By Clyde Mooney
In a confidential deal, Goldman Sachs and a band of hedge funds have purchased NAB’s senior secured credit facilities for National Leisure and Gaming (NLG).
The market reacted to the announcement by stripping nearly 30 percent of NLG’s value.
NLG had enjoyed a brief resurgence for a few months prior, holding around $0.01 throughout the period, when hopes were high for a sale of 20 of its venues.
The first week of February saw NLG’s value double to $0.023, prompting an enquiry by the ASX and a subsequent halt to trading.
Although NLG denied any reasonable explanation for the rallying, it was likely a result of the ongoing review of structural alternatives and capital, and the rumours of an impending sale of NLG's landlord, the Redcape Propery Fund, to Laundy Hotel Group (LHG).
In May Goldman Sachs and its consortium secured 38 percent of Redcape’s senior debt, meaning any ordinary resolution, which requires 67 per cent in favour, would require the investment group’s endorsement.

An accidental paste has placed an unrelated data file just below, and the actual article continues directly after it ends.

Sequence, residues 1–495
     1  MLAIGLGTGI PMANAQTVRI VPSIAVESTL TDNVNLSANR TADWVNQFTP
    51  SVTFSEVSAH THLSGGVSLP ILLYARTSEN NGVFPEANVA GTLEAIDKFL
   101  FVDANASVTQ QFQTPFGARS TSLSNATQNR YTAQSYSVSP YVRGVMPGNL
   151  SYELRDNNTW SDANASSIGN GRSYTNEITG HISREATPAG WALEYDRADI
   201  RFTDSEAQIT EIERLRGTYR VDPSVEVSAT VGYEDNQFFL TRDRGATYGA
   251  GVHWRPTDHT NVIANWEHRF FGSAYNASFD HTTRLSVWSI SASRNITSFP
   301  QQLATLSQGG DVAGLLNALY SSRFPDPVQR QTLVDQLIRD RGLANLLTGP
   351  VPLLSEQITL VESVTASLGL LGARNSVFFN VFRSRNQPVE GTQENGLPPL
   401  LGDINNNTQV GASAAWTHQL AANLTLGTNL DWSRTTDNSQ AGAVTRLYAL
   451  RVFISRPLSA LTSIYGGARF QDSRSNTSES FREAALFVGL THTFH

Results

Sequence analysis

Now in a position of power for both Redcape and NLG, the US-based investor group is expected to secure a profitable exit within six months.
Market sources have suggested the raiders will seek to make a deal with publicly listed ALE to take the freeholds on the 20 Redcape-owned NLG pubs, but the deal is not looking promising at this stage.
“We are well aware of the Recape portfolio and have looked at it from every angle. It is difficult to see how it might be consistent to what ALE is looking to achieve, however if there were changes in the future we may be interested,” ALE Managing Director, Andrew Wilkinson told TheShout.
The Goldman Sachs group joins Ernst & Young, the receivers of Tom Hedley’s 19.9 per cent, and LHG’s 15 per cent, as NLG’s major stakeholders.
NLG announced on May 30 a new company secretary, with Jennie Yuen replacing Sarah Prince.